ChiefsPlanet

ChiefsPlanet (http://www.chiefsplanet.com/BB/index.php)
-   The Lounge (http://www.chiefsplanet.com/BB/forumdisplay.php?f=1)
-   -   Home and Auto Duct Mounted Humidifier (http://www.chiefsplanet.com/BB/showthread.php?t=268060)

Groves 12-26-2012 05:21 PM

Duct Mounted Humidifier
 
Short Version: Tired of Torturing my Nasal Passages. Want to buy a whole house humidifier.


Long Version: You know the drill. Research Amazon, Home Improvement Forums, etc. Rinse. Repeat.

Nothing like real world experiences to fill in the gaps.

Anyone have experience with a whole house humidifier?

Anyone install their own? Can't be that hard. Not really worried about installing it.

More worried about buying a spendy model that actually stinks. That's where you come in, because nothing drives people to root Chiefs like getting screwed in other areas of life.

Does the whole world seem against you? You're the guys I'd like to hear from.

We are cheering your participation in this thread with all the volume our dry, scratchy throats can muster.

I realize the specific models will vary on application.

Do you like yours? Does it leak? How often does your non-pure tap water force you to change the filters?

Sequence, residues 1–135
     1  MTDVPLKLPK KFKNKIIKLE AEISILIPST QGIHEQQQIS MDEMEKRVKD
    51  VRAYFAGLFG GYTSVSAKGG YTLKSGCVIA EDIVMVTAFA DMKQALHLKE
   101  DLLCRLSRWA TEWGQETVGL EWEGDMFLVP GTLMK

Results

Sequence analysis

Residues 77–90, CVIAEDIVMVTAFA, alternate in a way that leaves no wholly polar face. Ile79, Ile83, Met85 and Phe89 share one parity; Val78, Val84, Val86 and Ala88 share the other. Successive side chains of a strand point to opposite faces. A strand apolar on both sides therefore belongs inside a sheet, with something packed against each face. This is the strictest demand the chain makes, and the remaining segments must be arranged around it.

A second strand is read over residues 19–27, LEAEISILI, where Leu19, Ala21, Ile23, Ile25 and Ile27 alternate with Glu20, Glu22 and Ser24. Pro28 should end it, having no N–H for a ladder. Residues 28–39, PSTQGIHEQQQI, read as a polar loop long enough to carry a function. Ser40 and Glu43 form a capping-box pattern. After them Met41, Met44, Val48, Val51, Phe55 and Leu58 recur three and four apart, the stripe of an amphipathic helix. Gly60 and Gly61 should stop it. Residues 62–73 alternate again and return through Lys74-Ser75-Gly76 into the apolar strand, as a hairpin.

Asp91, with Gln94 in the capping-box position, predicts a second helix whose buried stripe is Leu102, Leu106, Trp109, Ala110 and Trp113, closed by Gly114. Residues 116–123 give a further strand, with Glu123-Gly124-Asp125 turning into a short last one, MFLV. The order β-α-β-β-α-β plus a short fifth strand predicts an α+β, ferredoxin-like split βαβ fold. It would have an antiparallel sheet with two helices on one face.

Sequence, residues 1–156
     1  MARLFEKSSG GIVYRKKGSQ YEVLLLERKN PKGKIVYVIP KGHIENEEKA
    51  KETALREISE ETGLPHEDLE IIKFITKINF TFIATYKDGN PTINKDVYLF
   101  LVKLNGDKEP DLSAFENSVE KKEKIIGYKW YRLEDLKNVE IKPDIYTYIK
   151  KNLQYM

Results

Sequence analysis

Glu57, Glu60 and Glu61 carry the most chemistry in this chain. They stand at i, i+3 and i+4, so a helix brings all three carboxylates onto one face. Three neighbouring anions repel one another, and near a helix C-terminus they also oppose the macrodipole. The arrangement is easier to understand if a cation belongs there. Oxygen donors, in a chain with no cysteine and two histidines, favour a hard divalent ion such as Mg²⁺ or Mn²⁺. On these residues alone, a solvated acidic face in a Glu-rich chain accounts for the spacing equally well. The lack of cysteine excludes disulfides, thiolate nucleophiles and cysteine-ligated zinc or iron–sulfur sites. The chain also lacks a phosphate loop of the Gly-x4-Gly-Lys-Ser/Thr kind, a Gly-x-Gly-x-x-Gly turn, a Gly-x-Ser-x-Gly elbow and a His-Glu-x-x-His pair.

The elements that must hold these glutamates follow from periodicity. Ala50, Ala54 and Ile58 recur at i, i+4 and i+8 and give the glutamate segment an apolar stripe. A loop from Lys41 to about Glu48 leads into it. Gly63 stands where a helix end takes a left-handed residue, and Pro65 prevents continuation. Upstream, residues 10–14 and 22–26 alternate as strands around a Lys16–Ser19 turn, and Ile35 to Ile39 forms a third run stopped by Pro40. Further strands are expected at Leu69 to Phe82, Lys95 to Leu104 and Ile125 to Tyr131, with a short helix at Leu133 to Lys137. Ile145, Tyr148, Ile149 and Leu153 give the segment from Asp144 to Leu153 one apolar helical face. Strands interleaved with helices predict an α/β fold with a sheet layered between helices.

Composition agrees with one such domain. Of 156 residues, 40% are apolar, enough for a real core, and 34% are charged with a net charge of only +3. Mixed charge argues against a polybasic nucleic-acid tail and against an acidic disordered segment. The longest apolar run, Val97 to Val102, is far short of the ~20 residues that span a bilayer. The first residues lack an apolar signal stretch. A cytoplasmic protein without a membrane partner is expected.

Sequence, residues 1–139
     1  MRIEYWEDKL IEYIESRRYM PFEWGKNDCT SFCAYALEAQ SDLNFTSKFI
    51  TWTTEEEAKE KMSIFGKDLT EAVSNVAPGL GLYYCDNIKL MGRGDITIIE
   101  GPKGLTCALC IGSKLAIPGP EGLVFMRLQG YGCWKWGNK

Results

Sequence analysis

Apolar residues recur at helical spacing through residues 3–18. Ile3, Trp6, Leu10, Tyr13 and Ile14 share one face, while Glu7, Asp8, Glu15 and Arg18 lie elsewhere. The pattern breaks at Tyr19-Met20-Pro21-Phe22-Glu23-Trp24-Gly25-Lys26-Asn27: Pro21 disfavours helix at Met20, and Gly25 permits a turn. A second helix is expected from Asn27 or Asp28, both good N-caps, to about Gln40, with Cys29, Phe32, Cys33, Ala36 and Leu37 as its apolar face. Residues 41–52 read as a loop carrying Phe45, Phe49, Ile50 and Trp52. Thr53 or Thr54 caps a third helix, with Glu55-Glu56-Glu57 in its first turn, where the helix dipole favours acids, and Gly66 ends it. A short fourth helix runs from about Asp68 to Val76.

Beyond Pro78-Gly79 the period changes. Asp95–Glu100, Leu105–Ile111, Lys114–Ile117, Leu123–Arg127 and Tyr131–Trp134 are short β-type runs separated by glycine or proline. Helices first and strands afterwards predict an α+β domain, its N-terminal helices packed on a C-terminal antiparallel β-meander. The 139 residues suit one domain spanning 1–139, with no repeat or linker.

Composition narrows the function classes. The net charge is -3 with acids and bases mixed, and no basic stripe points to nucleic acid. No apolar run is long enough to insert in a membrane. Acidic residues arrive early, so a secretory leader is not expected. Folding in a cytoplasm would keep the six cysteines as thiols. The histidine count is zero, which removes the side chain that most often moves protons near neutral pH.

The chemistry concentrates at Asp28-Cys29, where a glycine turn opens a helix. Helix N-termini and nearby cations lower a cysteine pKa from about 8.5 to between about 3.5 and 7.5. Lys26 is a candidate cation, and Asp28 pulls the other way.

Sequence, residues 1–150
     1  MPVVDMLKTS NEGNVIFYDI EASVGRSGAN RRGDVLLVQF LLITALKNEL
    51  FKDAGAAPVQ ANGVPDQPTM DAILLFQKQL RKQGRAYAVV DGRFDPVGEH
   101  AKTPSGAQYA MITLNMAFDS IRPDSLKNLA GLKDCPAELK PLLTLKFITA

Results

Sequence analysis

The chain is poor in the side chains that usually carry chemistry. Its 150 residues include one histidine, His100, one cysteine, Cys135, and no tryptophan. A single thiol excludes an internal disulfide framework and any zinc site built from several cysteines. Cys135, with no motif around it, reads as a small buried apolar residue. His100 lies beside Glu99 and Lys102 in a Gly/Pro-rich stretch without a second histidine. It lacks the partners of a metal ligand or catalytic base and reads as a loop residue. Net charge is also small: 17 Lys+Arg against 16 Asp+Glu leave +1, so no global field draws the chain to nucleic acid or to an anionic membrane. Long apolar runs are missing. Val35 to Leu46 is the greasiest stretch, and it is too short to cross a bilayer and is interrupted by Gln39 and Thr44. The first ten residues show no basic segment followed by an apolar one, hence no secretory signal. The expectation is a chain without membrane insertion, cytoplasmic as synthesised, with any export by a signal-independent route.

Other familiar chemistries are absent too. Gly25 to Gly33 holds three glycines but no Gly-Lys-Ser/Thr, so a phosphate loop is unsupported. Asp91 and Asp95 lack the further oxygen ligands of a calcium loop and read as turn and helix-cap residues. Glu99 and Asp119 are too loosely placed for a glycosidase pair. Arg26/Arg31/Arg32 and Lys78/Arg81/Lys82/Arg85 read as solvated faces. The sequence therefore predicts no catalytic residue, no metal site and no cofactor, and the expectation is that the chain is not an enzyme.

Do you use a version with the porous wheel?

Does yours have a drain?

Did you upgrade your thermostat to accompany the humidifier?

How often over the life of your humidifier have your cursed out loud at it?

Do you now own a room humidifier because your in-duct humidifier was so lame?

Do you know what humidity is?

Do you grow cacti in your house?

Do living creatures residing in your abode give you crook eye? (a dry crook eye, at that)

Thanks

dtebbe 12-26-2012 05:28 PM

I've purchased (from this link) and installed a couple. I would say you need to be an advanced do-it-yourselfer to do it yourself. You have to cut a couple good sized holes in your airhandler and do some basic plumbing/electrical.

If you've ever installed a thermostat (including wiring it to furnace) you're ok on electrical.

If you've ever installed a icemaker line in a house that didn't have one you're ok on plumbing.